The reason for this being scary or worrying is that when people place more importance on their cultural heritage than anything else, this can cause division, racism and prejudice and it can be a huge hindrance to Islamic unity. I see this too often in the society in which we live, and coming from a mixed cultural background, I myself have been a recipient of the prejudice I allude to, and so reading about it in Diary of a Guji Girl just brought home this issue so aptly. But the scariest part of it all is that people don’t stop to think about the negative impact this may have and instead remain insistent that their particular culture is “the way things should be”. I personally think that Diary of a Guji Girl was an attempt to change this type of thinking, showing in a very satirical manner that maybe the way we have been thinking all the years is not always the right way. Whether readers actually took this message seriously however is another story.
The other issue that stood out for me was the overly obsessive pursuance of marriage. Now, I am not at all disputing the importance of marriage. Islam definitely does place emphasis on marriage and even regards it as “half of faith”. However, in this overly obsessive quest for marriage, we seem to have forgotten the true purpose of marriage in itself. Marriage is supposed to be a means to the end, not an end in itself. This Hollywood style search for happily ever after, (or in this case, the happily ever after in the smart Houghton house with the good looking, rich and popular man) can only lead to trouble. As Muslims the only happily ever after that we are supposed to be pursuing is the one we are promised in the Hereafter. If marriage is not going to make us better Muslims who are constantly trying to improve ourselves in our striving to reach closeness to Allah Almighty, then this means is not a very positive means to the ultimate end, now is it? With this crazy obsessive search for the perfect man and seemingly perfect life, it’s no wonder people get divorced so easily these days. May Allah guide and protect us all!
The last issue that I’ll mention here is the materialistic nature of people. As the protagonist in the story, Amina’s materialistic nature actually becomes so annoying that at some points you want to smack some sense into her. This is more evident in the blog posts than it is in the book, but nonetheless, it highlights the fact that many of us have lost the plot and we have become selfish and self-absorbed. I don’t know how other people feel, but for me spending R2000 rand on one shopping trip on nothing other than clothes is absurd. I love that the author made an attempt to bring Amina back to reality and make her realise that life is about responsibility and not being wasteful, and of course about sharing with others as well if you can afford to do so.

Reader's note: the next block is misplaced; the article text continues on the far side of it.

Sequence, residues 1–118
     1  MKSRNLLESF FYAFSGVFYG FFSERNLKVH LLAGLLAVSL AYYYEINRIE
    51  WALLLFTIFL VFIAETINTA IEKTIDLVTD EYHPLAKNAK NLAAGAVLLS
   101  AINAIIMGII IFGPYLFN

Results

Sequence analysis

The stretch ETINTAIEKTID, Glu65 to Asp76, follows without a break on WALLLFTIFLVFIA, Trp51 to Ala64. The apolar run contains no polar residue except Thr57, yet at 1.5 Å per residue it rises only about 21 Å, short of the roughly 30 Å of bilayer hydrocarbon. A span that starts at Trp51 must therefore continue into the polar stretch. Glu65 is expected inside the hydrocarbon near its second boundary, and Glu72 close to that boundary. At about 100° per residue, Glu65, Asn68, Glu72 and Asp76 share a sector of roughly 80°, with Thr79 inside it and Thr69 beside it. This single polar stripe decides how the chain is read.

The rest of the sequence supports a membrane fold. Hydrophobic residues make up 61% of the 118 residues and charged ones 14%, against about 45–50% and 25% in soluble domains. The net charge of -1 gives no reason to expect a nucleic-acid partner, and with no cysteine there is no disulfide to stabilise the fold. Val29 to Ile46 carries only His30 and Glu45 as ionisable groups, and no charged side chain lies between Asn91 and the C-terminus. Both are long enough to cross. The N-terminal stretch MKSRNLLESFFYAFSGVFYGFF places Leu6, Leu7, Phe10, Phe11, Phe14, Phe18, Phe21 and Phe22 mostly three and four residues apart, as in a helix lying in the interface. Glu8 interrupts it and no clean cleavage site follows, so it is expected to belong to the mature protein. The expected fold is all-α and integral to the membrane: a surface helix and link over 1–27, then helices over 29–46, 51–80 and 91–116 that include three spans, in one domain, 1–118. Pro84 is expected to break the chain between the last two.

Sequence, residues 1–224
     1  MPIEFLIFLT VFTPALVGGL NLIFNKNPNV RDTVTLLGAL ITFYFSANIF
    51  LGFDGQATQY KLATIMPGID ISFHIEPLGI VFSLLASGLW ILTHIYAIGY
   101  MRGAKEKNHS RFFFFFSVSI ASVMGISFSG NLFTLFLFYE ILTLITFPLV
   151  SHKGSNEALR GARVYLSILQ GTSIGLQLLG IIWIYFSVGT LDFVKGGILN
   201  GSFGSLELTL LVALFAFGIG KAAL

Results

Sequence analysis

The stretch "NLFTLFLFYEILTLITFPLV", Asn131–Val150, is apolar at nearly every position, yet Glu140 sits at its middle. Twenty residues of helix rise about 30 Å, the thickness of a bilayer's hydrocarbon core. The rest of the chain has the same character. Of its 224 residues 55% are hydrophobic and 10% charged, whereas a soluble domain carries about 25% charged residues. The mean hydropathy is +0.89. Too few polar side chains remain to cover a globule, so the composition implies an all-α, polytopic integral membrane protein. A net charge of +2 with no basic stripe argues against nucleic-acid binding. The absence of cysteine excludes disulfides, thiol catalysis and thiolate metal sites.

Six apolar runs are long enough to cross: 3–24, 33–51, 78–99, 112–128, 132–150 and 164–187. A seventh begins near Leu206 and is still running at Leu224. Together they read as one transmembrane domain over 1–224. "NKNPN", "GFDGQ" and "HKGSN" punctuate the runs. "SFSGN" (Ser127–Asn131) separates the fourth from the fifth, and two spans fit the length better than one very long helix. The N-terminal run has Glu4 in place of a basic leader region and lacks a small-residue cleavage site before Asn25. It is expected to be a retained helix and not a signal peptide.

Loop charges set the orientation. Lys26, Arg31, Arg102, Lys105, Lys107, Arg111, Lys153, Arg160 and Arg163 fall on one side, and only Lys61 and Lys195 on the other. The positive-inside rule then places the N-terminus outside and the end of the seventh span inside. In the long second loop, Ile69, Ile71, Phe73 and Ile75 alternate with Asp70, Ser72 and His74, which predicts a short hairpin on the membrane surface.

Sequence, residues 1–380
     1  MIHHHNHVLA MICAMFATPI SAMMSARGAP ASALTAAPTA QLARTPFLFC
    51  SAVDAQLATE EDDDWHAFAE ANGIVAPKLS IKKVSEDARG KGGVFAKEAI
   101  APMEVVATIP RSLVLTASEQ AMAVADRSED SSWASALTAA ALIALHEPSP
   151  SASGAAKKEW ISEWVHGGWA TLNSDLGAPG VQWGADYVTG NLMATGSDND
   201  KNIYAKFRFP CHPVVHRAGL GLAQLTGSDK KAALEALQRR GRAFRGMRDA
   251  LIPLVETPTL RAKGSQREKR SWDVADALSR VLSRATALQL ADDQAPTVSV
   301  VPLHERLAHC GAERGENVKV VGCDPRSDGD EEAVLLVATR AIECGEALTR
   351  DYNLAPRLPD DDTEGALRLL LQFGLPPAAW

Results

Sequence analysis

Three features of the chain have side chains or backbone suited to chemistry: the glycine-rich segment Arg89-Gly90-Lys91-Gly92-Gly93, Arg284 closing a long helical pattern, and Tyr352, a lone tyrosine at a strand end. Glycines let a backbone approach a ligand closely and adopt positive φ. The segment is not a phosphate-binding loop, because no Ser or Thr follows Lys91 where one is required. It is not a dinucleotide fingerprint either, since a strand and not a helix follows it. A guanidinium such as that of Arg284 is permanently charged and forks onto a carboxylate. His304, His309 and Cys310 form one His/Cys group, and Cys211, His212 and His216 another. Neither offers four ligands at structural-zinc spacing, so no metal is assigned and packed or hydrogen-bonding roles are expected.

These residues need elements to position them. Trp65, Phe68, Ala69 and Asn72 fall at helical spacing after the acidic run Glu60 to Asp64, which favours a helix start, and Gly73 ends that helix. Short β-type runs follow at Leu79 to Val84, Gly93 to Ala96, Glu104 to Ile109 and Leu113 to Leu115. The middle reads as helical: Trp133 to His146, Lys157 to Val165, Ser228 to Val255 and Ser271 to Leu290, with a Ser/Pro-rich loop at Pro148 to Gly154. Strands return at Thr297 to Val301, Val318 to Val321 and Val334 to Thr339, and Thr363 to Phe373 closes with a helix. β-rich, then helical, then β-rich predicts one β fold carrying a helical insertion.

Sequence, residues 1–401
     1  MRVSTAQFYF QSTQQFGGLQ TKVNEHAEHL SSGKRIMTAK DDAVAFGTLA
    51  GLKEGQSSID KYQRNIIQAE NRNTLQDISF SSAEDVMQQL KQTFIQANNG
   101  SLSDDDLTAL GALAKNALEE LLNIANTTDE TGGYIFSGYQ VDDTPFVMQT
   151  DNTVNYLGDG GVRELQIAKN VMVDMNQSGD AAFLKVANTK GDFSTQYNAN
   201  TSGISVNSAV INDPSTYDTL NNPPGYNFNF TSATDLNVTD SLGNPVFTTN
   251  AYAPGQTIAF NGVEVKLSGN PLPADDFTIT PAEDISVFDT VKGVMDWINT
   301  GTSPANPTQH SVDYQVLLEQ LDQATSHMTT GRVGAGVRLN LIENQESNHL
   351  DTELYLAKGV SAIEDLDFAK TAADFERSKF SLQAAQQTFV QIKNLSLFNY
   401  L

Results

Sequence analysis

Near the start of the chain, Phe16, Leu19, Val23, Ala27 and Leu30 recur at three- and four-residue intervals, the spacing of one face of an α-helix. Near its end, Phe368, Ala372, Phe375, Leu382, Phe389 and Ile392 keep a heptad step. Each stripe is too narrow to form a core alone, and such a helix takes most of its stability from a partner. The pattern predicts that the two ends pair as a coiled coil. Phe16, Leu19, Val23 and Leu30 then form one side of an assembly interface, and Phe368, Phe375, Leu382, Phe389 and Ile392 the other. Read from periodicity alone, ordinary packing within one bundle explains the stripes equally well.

There is so much more that I can say about this story, so much more details to discuss about the issues brought about in it, that’s why I was disappointed when all people could focus on was the “love story”. Naturally this brought up a whole lot of other questions for me. Why do people love Moe and Amina together? What is it about the attraction of ‘good girls’ to the ‘bad boy’? Is life really all about finding love? What are our ideas of love even based on? Should young women really be putting themselves out there and doing whatever they can to secure a good marriage prospect? How much will parents overlook and give in so that their daughters end up marrying a good man? Is society’s viewpoint really that important? Has money and status really become so important to us that we are willing to compromise on our Islamic values? …
Yes, it is evident that there is much more that I can discuss about this story, but the story has ended so perhaps I should end my thoughts here as well. I would love to hear other thoughts on this though, perhaps someone else has good answers to all my many questions.
Image 1 from here
Image 2 from here
Image 3 from here